Below the ODE leads to an oscillating temp[t]. With Piecewise we see the discontinuity in the derivative every time the temperature crosses (whether increasing or decreasing) the criticaltemp.

Clear[correctionfactor];
criticaltemp = 1;
correctionfactor[t_] := Piecewise[{{1, t < criticaltemp}}, 10^-45];
ode = {temp'[t] == -correctionfactor[temp[t]] temp[t] + 2 Cos[t], temp[0] == 0.2};
{sol} = NDSolve[ode, temp, {t, 0, 25}];

Plot[temp[t] /. sol // Evaluate, Evaluate@Flatten[{t, temp["Domain"] /. sol}]]

Mathematica graphics

But the single WhenEvent changes the correctionfactor to 10^-45 and never changes it back:

Clear[correctionfactor];
criticaltemp = 1;
ode = {temp'[t] == -correctionfactor[t] temp[t] + 2 Cos[t], temp[0] == 0.1};
{sol} = NDSolve[{ode,
    correctionfactor[0] == 1, 
    WhenEvent[temp[t] > criticaltemp, correctionfactor[t] -> 10^-45]},
   temp, {t, 0, 25},
   DiscreteVariables -> {correctionfactor}];

Plot[temp[t] /. sol // Evaluate, Evaluate@Flatten[{t, temp["Domain"] /. sol}]]

Mathematica graphics

To get the same behavior as Piecewise, we need a second WhenEvent.

Clear[correctionfactor];
criticaltemp = 1;
ode = {temp'[t] == -correctionfactor[t] temp[t] + 2 Cos[t], temp[0] == 0.1};
{sol} = NDSolve[{ode,
    correctionfactor[0] == 1, 
    WhenEvent[temp[t] > criticaltemp, correctionfactor[t] -> 10^-45], 
    WhenEvent[temp[t] < criticaltemp, correctionfactor[t] -> 1]},
   temp, {t, 0, 25},
   DiscreteVariables -> {correctionfactor}];

Plot[temp[t] /. sol // Evaluate, Evaluate@Flatten[{t, temp["Domain"] /. sol}]]

Mathematica graphics

Which of the last two WhenEvent models is appropriate depends entirely on the problem being modeled. WhenEvent has options that makes building a robust model somewhat easier in some cases than Piecewise.

Caveat: Note that the swing from 1 to 10^-45 is quite large at ordinary MachinePrecision, which has slightly less than 16 digits of precision. It might lead to problems with the numerics. See also $MachineEpsilon.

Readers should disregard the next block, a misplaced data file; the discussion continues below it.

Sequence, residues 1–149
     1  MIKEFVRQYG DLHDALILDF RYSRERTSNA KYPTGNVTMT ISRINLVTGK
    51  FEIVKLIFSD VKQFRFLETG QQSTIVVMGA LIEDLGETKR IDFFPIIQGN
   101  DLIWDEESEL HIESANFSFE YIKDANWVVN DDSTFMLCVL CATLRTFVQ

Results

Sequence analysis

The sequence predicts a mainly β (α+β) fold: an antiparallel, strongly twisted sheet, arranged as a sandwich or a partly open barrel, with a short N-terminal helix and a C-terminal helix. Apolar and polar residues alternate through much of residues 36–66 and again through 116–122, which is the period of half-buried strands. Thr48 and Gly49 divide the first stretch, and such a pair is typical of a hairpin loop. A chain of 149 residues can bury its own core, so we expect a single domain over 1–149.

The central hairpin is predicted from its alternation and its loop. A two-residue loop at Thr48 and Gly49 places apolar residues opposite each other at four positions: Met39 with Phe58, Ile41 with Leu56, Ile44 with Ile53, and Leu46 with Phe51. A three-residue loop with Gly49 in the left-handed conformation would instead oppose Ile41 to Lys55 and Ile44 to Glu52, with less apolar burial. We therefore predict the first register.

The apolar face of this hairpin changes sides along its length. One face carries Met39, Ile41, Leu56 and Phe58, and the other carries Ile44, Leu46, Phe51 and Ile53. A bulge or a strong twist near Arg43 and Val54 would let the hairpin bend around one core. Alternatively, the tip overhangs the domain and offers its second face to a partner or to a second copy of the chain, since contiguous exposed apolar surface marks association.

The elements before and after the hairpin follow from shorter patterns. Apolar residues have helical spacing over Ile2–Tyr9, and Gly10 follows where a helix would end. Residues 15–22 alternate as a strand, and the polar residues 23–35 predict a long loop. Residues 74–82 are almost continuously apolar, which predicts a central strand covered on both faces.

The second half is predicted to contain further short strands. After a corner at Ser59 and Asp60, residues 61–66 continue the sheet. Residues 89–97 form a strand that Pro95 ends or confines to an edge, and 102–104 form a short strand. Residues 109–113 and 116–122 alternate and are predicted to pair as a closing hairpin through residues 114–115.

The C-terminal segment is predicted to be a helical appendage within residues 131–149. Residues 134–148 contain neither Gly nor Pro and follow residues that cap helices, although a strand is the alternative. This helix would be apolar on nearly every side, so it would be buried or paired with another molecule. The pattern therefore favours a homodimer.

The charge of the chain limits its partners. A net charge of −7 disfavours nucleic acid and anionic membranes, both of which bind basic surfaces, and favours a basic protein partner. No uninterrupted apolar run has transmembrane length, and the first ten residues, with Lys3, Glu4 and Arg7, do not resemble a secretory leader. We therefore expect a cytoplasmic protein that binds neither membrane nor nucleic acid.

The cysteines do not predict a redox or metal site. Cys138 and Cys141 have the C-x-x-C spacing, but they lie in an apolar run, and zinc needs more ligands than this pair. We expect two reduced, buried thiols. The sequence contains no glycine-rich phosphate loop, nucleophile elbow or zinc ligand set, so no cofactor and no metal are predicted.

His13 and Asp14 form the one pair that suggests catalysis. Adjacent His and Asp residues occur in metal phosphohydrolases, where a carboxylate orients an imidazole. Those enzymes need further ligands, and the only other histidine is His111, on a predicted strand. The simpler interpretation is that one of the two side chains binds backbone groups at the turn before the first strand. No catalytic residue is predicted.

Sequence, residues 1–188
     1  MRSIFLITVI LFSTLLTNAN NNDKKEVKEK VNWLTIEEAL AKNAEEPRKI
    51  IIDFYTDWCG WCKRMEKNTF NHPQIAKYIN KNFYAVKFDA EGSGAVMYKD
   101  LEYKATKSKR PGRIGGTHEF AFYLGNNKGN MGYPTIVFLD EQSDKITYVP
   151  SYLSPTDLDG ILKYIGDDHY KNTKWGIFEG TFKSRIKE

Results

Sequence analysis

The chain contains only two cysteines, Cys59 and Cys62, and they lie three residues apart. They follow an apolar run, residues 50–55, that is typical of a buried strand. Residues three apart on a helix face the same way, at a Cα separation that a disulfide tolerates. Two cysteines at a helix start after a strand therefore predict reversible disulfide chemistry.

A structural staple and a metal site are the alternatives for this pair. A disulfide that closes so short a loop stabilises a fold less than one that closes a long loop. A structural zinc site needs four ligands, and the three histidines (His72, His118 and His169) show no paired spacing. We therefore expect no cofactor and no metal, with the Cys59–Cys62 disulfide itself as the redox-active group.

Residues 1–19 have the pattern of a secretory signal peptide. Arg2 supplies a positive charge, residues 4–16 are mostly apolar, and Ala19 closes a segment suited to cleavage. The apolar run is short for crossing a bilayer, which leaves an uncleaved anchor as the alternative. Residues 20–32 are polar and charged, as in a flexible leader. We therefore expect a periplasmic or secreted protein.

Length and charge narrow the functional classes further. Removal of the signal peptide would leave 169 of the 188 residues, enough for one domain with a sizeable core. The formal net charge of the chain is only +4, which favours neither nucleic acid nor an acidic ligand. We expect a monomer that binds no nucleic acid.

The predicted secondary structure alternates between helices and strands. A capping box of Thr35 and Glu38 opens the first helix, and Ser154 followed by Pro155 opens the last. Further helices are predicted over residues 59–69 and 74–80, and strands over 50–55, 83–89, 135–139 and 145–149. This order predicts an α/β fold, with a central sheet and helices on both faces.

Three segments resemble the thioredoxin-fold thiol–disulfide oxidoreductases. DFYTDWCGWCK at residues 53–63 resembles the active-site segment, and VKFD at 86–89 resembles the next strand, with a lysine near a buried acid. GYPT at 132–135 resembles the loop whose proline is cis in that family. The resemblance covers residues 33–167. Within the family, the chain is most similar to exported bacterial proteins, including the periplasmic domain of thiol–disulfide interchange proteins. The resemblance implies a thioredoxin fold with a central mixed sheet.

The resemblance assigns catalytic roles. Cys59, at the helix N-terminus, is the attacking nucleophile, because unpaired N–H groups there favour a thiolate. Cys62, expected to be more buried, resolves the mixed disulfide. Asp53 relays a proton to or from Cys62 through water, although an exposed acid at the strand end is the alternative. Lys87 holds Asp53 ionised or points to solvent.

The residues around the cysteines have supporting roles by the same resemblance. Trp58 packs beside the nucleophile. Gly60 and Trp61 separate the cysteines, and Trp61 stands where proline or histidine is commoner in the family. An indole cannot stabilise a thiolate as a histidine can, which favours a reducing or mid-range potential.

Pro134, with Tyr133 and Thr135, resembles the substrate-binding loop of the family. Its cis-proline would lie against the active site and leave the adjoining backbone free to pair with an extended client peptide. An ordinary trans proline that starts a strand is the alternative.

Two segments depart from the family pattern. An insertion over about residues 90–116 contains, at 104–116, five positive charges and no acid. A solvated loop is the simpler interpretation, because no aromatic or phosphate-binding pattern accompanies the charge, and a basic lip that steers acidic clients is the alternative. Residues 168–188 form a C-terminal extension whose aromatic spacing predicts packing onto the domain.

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  • $\begingroup$ Dear Michael E2, $\endgroup$ – RKdifferential May 10 '15 at 11:50
  • $\begingroup$ First of all, thank´s a lot for your comment. I will try this way write now. Besides, I did change the equations so, you can see where the correction must be applied. Only to some constants (K20,K11,K10).Secondly I would like to ask you for something more. I should repeat the calculation several time for different ddistance values (see Expansion correction in the text) and then I should sum up all the valued i go from every integration. How can I do this? In other programming codes one can used Do, but in Mathematica this does not work out. What do you recommend me? Thank you in advance! $\endgroup$ – RKdifferential May 10 '15 at 12:03
  • $\begingroup$ Dear Michael E2, I have implemented piecewise for my correction factor and for two other parameters that change over time. Now my problem is another. If I set a StartingStepSize lower than te time (10E-9) where my T=450, the program stops and returns: $\endgroup$ – RKdifferential May 10 '15 at 14:18
  • $\begingroup$ NDSolve::ndsz: At t == 1.034911650603046`*^-8, step size is effectively zero; singularity or stiff system suspected. >> $\endgroup$ – RKdifferential May 10 '15 at 14:18
  • $\begingroup$ Do you Know how can I solve this? $\endgroup$ – RKdifferential May 10 '15 at 14:18